I have meant to write about this for several days, but some other posts got in the way. Jamaica can be proud of the fact that it ranks eighth in press freedom by Reporters Without Borders. This is up two spots from last year. Part of the criteria includes the amount of media workers killed in the last year, and Jamaica had none. Unfortunately, it is still not safe in many other countries. Witness the killing of the journalist who investigated the Panama Papers.
From Reporters Without Borders’ web site:
Jamaica ranks among the countries that most respect freedom of information. The very occasional physical attacks on journalists must be offset against this, but no serious act of violence or threat to media freedom has been reported since February 2009, a month that saw two cases of abuse of authority by the Kingston police. The law decriminalizing defamation passed by the house of representatives in 2013 was a step in the right direction.
From my own experience, I can say that reporters in this country do enjoy a large measure of freedom to conduct their activities (I only have Canada and the US to compare to). What stymies investigative journalism, as I have talked a lot about, is the bureaucratic inertia, partisanship and a lack of resources.
We ventured up to Funland at Hope Zoo yesterday. It was a cooler day, with rain threatening the whole time. But it held off and we had a great time. There are rides for children, games and a virtual reality center for the older children. The prices are reasonable and there is a small selection of food, including fried chicken and shaved ice. The only thing I had a problem with was the extremely loud and inappropriate dancehall music, which I usually enjoy, but not in the context of a children’s play area.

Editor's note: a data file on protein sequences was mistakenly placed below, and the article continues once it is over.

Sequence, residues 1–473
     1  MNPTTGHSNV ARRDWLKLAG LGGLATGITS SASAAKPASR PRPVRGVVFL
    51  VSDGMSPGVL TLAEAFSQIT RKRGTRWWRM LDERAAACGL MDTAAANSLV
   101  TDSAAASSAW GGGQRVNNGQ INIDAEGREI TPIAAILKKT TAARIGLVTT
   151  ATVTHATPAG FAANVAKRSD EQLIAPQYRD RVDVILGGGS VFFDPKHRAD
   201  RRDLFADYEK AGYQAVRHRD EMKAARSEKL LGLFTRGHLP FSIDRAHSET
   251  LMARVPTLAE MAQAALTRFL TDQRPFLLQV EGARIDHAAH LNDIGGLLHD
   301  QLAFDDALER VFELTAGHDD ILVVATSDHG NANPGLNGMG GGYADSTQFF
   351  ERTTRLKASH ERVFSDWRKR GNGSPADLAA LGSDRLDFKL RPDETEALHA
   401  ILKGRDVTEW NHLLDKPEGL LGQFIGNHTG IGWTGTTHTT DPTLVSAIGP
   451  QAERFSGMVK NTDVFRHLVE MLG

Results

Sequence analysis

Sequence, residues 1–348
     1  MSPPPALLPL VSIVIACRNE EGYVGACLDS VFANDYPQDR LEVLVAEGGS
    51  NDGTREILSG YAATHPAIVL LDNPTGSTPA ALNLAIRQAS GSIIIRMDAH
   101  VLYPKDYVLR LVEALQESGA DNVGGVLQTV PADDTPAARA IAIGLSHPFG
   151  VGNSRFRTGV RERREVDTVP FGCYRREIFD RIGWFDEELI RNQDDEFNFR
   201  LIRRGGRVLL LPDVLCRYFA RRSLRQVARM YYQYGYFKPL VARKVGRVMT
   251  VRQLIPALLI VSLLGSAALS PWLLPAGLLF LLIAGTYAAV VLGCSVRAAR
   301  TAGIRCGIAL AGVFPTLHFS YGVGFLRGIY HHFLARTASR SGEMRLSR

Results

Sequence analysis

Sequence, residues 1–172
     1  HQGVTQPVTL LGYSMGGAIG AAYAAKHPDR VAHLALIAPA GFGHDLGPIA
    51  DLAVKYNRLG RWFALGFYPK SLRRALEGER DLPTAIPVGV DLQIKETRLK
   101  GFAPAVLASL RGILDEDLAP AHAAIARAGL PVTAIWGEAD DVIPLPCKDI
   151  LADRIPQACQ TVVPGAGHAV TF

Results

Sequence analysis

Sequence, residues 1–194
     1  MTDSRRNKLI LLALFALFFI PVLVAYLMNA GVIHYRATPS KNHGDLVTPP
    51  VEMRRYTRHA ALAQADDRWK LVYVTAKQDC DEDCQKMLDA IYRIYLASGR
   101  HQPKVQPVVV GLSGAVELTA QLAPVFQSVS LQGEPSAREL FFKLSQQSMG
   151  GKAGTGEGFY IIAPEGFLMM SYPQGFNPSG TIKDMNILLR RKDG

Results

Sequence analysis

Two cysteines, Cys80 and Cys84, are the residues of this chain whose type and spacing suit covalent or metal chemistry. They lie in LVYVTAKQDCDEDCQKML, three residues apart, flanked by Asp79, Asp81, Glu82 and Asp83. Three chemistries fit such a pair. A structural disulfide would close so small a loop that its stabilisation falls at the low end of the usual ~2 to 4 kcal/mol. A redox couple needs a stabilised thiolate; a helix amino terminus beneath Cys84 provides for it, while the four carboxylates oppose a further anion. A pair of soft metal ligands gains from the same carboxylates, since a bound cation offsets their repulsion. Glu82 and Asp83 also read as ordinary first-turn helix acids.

Overall, it was nice to see children playing in a safe, clean area. More spaces like this are badly needed.
A journalist with the International Journalists’ Network contacted me wanting to do an interview about our community journalism project. Here is the story. It is strange being on the other side of the questions. I think it turned out well.
Of course it is the simple toys she likes the best…
I have another piece in the Guardian today on the Zones of Special Operations enacted by the government earlier this year. I filed it a couple of weeks ago, but then the Las Vegas shooting and the earthquakes and hurricanes happened. It was in the Spotlight section earlier this morning, although I’m sure it’s bumped now.
Check it out here.
This was a good feature on the Jamaicans who travel every year to work in the U.S. They pick fruit over long hours, leave their families and perform hard physical labour. But they say it makes them a good living.
Global Voices, an international news web site, wrote a piece about our community journalism program. Check it out here, and thanks to my friend Emma Lewis.
Wishing it were one of those days…to relax. This week is Peer Review week at Utech, so I am observing my colleagues’ classes. It has made for a busy week.